|Publication number||US3986429 A|
|Application number||US 05/660,386|
|Publication date||Oct 19, 1976|
|Filing date||Feb 23, 1976|
|Priority date||Feb 24, 1975|
|Also published as||CA1053551A, CA1053551A1, DE2507851A1, DE2507851C2|
|Publication number||05660386, 660386, US 3986429 A, US 3986429A, US-A-3986429, US3986429 A, US3986429A|
|Original Assignee||Hilti Aktiengesellschaft|
|Export Citation||BiBTeX, EndNote, RefMan|
|Patent Citations (10), Referenced by (7), Classifications (8)|
|External Links: USPTO, USPTO Assignment, Espacenet|
The present invention is directed to an expansion dowel having a sleeve with at least one longitudinal slot and, more particularly, it is directed to circumferentially extending protrusions formed on the outer surface of the sleeve.
Expansion dowels are known which can be spread by an expansion element, for example, a wood screw threaded into a longitudinal recess in the dowel. Such dowels are subdivided by a longitudinal slot into two longitudinally extending halves and, in order to facilitate the assembly, the slot does not extend over the entire axial length of the dowel. To enhance the axial locking of the dowel with the surfaces in a borehole, torus-shaped or similar projections are formed on the outer surface of the sleeve in known dowels.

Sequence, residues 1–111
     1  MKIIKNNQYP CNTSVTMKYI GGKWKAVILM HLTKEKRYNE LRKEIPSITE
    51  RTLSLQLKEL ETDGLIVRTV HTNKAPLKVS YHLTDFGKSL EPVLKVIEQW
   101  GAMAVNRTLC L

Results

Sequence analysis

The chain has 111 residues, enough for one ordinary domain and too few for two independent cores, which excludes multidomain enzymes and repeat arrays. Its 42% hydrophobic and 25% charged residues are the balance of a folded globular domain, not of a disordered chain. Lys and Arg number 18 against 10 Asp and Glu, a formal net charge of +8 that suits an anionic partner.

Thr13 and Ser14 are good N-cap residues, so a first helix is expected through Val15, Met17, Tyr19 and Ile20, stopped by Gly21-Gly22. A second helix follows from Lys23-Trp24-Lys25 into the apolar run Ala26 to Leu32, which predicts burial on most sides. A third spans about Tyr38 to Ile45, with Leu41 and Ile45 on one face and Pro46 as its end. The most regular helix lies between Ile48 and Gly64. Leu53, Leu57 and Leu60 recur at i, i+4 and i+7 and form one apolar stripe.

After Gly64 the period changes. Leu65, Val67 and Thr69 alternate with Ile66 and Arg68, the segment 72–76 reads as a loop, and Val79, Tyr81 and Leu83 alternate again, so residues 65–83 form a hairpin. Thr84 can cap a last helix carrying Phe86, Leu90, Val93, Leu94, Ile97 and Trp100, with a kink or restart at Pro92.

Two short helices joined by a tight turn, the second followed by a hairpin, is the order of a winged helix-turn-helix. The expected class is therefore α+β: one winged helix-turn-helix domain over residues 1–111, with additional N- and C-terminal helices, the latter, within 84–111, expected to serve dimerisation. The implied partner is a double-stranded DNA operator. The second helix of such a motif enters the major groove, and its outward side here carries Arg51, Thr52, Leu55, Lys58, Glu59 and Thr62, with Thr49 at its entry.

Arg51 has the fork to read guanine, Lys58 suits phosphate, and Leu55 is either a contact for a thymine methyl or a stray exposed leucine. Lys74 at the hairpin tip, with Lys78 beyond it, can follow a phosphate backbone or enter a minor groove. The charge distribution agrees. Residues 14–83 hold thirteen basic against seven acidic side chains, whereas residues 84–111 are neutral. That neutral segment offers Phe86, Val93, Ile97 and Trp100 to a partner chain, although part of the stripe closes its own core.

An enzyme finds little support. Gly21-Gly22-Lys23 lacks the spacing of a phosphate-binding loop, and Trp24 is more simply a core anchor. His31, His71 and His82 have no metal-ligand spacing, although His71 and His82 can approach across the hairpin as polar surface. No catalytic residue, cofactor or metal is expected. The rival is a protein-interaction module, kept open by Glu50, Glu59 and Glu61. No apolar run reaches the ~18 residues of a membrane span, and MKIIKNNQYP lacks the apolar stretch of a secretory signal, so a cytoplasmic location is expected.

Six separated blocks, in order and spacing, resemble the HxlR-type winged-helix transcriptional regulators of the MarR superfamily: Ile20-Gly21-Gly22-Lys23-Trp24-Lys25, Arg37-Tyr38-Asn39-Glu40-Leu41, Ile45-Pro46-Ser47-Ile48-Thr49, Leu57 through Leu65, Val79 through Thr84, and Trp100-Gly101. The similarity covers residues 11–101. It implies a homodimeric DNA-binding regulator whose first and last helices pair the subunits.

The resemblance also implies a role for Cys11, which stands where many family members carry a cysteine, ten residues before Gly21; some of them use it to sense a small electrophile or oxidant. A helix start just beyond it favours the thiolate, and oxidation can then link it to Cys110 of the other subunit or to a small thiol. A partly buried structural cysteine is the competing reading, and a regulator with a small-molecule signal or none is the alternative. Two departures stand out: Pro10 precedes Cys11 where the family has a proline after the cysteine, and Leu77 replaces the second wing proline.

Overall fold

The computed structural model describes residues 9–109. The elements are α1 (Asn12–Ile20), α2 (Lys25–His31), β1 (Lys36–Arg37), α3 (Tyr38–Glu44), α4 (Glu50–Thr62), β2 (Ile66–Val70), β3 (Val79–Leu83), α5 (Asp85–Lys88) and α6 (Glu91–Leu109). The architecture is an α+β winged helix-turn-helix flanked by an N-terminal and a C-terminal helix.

Since an effective expansion of such dowels can only take place if a relative movement occurs between the expansion element and the dowel, it has been known to provide rotation locks on the outer wall of the dowel to wedge the dowel in its receiving bore so that it cannot rotate with the expansion element. These known rotation locks consist mainly of wing-shaped or finger-shaped parts projecting outwardly from the dowel body.
In practice it has been found that these rotation locks do not always work satisfactorily, because they tend to bend easily and bear against the outer surface of the dowel body with the result that the desired wedging action in the receiving bore cannot be achieved. When this occurs, the dowel can rotate with the expansion element and it is not sufficiently anchored into the receiving bore.
Therefore, the primary object of the present invention is to provide an expansion dowel which incorporates an effective rotation lock.